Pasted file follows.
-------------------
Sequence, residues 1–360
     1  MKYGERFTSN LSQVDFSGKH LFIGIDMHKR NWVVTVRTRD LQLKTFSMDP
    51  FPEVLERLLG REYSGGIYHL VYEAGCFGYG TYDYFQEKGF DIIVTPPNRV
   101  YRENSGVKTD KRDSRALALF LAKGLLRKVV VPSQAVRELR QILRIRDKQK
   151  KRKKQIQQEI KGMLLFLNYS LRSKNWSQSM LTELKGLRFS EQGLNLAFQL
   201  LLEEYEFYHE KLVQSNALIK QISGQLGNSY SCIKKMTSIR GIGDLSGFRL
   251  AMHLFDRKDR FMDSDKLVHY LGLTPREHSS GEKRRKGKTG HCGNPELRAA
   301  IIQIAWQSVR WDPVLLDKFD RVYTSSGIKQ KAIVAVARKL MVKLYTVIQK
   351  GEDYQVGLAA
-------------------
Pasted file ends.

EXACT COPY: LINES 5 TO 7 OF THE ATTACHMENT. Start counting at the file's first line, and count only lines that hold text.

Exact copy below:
   151  KRKKQIQQEI KGMLLFLNYS LRSKNWSQSM LTELKGLRFS EQGLNLAFQL
   201  LLEEYEFYHE KLVQSNALIK QISGQLGNSY SCIKKMTSIR GIGDLSGFRL
   251  AMHLFDRKDR FMDSDKLVHY LGLTPREHSS GEKRRKGKTG HCGNPELRAA